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  1. Olenek's Avatar
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    #1

    idioms meaning "to become bankrupt

    Hi everyone,

    There are some idioms, meaning "to become bankrupt":

    To go to the wall
    To go bust
    To go belly-up



    Are they really used in UK, USA or Australia nowdays? How often?
    Are there any differences in their using?

    Do you know another idiom with this meaning?

    Many Thanks to everyone!

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    #2

    Re: idioms meaning "to become bankrupt

    Quote Originally Posted by Olenek View Post

    To go to the wall
    To go bust
    To go belly-up
    Never heard the first one. The other two, yes.

    We also say "to go broke" or "to go under".


    As an aside, there's an expression specific to the US: "to file chapter eleven" or "to be in chapter eleven". This refers to some bankruptcy law they have; I assume it's a chapter, numbered 11. I know this from watching movies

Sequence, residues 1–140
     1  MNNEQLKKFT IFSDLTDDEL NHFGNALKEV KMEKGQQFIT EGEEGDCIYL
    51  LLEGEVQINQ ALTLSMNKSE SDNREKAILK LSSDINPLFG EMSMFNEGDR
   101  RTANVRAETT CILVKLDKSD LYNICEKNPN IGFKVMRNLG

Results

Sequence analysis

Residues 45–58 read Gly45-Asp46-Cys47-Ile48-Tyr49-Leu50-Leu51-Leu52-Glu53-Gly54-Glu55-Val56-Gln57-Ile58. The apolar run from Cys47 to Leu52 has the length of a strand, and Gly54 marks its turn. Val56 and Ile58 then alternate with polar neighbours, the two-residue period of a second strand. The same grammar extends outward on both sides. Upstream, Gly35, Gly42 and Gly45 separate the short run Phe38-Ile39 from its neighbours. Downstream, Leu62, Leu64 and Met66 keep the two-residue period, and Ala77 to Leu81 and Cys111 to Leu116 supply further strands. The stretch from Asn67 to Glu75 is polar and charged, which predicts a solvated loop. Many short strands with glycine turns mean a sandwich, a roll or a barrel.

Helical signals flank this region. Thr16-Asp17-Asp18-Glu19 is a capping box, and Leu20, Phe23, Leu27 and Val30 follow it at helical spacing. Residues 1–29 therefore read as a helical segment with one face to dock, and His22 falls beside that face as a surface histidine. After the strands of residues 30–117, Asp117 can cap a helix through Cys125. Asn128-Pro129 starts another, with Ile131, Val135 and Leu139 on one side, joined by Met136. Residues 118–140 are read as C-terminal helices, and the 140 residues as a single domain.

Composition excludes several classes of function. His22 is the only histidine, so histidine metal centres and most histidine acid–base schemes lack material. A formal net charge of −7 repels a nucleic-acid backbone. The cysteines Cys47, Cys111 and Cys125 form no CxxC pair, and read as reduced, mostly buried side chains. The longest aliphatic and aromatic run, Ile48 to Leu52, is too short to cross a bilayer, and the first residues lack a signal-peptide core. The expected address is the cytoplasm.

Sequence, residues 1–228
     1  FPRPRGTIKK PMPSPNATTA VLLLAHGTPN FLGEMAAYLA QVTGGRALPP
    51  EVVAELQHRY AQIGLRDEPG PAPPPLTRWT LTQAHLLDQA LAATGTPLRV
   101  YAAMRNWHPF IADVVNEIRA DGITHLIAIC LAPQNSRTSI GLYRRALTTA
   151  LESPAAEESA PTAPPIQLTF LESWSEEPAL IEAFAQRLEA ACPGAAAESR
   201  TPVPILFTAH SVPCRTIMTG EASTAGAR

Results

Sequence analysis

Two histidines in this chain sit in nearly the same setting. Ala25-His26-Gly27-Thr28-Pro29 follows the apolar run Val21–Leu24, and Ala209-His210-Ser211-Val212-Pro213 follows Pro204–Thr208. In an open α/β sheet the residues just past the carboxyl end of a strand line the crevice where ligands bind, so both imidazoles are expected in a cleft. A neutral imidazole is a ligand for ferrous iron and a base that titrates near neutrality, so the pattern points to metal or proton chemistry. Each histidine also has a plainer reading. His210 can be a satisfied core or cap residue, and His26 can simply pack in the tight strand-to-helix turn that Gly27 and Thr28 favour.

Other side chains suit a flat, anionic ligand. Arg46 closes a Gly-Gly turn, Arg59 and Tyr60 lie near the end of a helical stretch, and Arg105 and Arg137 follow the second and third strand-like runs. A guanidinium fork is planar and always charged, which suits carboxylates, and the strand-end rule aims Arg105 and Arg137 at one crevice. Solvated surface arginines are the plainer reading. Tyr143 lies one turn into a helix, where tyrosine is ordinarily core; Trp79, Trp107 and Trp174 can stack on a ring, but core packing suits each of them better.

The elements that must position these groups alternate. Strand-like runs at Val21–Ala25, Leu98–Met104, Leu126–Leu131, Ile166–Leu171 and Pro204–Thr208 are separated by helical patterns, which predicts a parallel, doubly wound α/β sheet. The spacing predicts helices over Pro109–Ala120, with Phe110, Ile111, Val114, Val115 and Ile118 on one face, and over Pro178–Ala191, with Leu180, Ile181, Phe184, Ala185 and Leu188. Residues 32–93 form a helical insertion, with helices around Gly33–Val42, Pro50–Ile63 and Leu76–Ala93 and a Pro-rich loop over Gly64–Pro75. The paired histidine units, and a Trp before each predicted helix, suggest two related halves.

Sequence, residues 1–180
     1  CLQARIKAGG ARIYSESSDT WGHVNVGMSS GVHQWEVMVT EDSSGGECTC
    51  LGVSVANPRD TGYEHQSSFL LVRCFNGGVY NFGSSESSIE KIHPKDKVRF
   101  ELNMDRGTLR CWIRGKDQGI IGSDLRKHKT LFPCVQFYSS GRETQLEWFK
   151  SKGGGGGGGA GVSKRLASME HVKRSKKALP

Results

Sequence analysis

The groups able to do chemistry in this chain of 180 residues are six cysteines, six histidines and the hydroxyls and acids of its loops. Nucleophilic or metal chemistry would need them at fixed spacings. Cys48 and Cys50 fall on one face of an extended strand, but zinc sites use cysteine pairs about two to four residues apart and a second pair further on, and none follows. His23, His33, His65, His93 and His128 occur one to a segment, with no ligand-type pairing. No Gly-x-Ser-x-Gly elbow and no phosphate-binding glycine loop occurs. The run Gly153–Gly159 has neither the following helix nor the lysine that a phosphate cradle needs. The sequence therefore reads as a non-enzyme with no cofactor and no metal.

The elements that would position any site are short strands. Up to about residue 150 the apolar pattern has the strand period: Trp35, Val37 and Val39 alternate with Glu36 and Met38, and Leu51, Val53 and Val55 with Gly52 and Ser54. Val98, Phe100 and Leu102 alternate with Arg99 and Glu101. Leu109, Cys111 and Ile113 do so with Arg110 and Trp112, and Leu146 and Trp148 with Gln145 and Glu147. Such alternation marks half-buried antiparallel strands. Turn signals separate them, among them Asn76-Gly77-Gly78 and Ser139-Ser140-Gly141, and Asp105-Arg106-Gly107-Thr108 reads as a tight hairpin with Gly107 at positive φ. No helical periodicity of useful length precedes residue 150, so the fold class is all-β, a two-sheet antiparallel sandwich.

2. BobK's Avatar
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    #3

    Re: idioms meaning "to become bankrupt

    And there's rather a neat mixed metaphor that's used of companies (but not, in my experience, of individuals). Such companies are often said to be 'drowning in red ink'.

    b

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    #4

    Re: idioms meaning "to become bankrupt

    Quote Originally Posted by BobK View Post
    And there's rather a neat mixed metaphor that's used of companies (but not, in my experience, of individuals). Such companies are often said to be 'drowning in red ink'.

    b
    You can "go/be in the red", which means you're losing money. When you're not in debt you're "in the black".

  3. BobK's Avatar
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    #5

    Re: idioms meaning "to become bankrupt

    In the old days of double-entry book-keeping, red ink was used for a debt and black for a payment. This is why I called the metaphor 'mixed' - [m2[m1 red/black ink = loss/profit]m1 ink = liquid,]m2 => business failure = drowning . Pretty neat, except that by this analysis you should be able to drown in black ink too

    b

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